"update" yet because everything still works.

    If I could find a 48" electric cooktop with a double grill - I'd
    replace it (I'm one of the "there's absolutely NO WAY will I use gas"
    people)... so if anyone knows of one, please let me know. As it is, I
    think modular drop-ins are the only way to replicate my current
    arrangement. Remember: it's an old house (1926), old/smallish
    kitchen configuration and no way to enlarge the kitchen w/o dropping
    at least $100K because it's <basically> on the second story.
     
  16. "Bock" <[email protected]> wrote in message
    news:[email protected]
    > Sadly, it is never the burner, it is what one does with the burners!
    > From an electric stove to gas as recently as 3 years ago, it sure is
    > nice. It is an average GE gas stove. The trick to duplicating good
    > Chinese food from the restaurants is not the amount of heat but the
    > magic of ingredients go into the "fire" that you are able to duplciate
    > the flavour of the dish.
    >
    >
    >


    True if you exclude wok stir fry. If you include stir fry dishes the amount
    of food that you can fry at once (ie the number of serves of a dish you can
    put on the table at once) depends directly on the power of the burner.

    David
     
  17. Sheldon

    Sheldon Guest

    Bock wrote:
    > Sadly, it is never the burner, it is what one does with the burners!
    > From an electric stove to gas as recently as 3 years ago, it sure is
    > nice. It is an average GE gas stove. The trick to duplicating good
    > Chinese food from the restaurants is not the amount of heat but the
    > magic of ingredients go into the "fire" that you are able to duplciate
    > the flavour of the dish.


    Actually it's everything... a million BTUs won't help with poor cooking
    skills and crappy recipes, but for proper stir frying high heat with
    *rapid recovery* is absolutely essential... even the best oriental chef
    will turn out little more than wimpy stews without the BTUs, so it IS
    the burner too.

    Those who claim to turn out great stir frys on their wimpy stove tops
    are fooling themselve but they're not fooling me... even 1500BTUs isn't
    close to enough unless you do stir fry one cup at a time. I can
    prepare a lot of good Chinese dishes with my ordinary stove top (chow
    mein, all sorts of soups, shrimp in lobster sauce etc.) but not stir
    fry... can't do fried rice without at least 30,000BTUs... okay,
    with 1500BTUs you can make one cup at a time. Trying to stir fry with
    only 15,000BTUs is like trying to toast a marshmallow with a match.

    Anyone going to spend big bucks for any conventional stove because they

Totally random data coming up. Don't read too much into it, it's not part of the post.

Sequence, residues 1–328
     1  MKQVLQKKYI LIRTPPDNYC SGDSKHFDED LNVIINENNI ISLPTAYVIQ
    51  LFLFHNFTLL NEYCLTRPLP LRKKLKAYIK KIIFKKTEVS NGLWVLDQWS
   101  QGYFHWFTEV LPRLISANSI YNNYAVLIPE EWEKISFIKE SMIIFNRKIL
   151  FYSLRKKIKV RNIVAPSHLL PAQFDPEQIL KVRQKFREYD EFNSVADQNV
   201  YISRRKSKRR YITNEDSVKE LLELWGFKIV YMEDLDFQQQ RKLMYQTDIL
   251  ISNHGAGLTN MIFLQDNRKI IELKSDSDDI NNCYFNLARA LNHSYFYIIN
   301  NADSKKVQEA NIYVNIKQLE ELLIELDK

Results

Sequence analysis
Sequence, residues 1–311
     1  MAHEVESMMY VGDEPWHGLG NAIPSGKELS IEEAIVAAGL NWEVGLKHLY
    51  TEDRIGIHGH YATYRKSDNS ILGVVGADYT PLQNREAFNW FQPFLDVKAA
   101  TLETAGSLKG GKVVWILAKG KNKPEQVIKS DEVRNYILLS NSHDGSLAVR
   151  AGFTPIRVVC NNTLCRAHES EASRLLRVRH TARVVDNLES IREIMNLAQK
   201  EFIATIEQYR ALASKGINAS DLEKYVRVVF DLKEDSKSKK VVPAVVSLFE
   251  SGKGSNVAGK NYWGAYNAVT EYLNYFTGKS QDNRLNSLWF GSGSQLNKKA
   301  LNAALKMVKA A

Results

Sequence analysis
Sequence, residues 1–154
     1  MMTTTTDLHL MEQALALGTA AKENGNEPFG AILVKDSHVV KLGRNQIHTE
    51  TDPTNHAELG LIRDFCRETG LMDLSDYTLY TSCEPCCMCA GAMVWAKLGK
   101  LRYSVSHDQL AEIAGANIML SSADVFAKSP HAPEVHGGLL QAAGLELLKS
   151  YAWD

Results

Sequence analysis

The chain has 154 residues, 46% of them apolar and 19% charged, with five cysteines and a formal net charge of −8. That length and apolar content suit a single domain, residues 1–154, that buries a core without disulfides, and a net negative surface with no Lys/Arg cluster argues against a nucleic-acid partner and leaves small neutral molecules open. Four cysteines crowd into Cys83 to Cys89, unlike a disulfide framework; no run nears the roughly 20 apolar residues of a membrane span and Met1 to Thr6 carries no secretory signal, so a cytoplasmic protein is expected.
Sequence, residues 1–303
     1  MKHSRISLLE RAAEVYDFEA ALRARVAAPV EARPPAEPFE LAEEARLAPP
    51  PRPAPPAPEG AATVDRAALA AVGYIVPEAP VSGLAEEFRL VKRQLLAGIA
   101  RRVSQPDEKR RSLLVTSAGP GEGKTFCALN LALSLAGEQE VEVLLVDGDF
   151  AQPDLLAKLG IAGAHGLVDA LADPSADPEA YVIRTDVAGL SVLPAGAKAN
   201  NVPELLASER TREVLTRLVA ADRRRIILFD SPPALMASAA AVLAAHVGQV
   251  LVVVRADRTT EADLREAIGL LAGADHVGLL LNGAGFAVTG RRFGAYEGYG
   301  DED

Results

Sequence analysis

think it will do wok cooking is doing mental masturbation.

    Sheldon
     
  18. TammyM

    TammyM Guest

    Top posting!
    Thanks to everyone who responded, I appreciate your input. Like Curly
    Sue, burner configuration is important to me -- the one I'm leaning
    toward has 3 burners across the back. Like Debra Fritz, I'm really
    thinking that huge fire power would not be used sufficient to warrant
    the extra expense. I'm probably going to spend every penny saved
    (plus quite a few pennies on top of that!) an over-the-cooktop
    microwave (with vent) AND on my new countertops. No new cabinetry at
    this time, unless I win the lottery :)

    Thanks again, everyone!
    TammyM, scheming and dreaming of her newish kitchen

    p.s. to Squidboy: the only person paying for this kitchen is moi -
    there's no pathetic male with burner envy in the picture here ;-)


    On Fri, 19 Aug 2005 15:22:41 GMT, [email protected] (TammyM) wrote:

    >I've been following the previous cooktop thread, and also doing some
    >research in preparation for buying a new gas cooktop. The one I have
    >now is an O'Keefe and Merritt 4-burner, circa 1957 (?) It is a PITA
    >to clean. It has one high-power burner, I've no clue what are the
    >BTUs on that baby.
    >
    >From what little online research I've done (and I'm about to embark on
    >an in-person research expedition to the local "established in 1937"
    >appliance store), it would seem that cost goes up significantly for
    >cooktops that have a 15K BTU burner. Aside from wok cooking for which
    >I can understand that big fire power is desirable, is there a
    >compelling reason to spend the extra dosh to get a CT with a 15KBTU
    >burner? Or would something in the 11-12.5K range do me just ducky?
    >All of the medium price-range cooktops I've looked at with less than
    >the 15kBTUer have low simmer burners (and that strikes me as an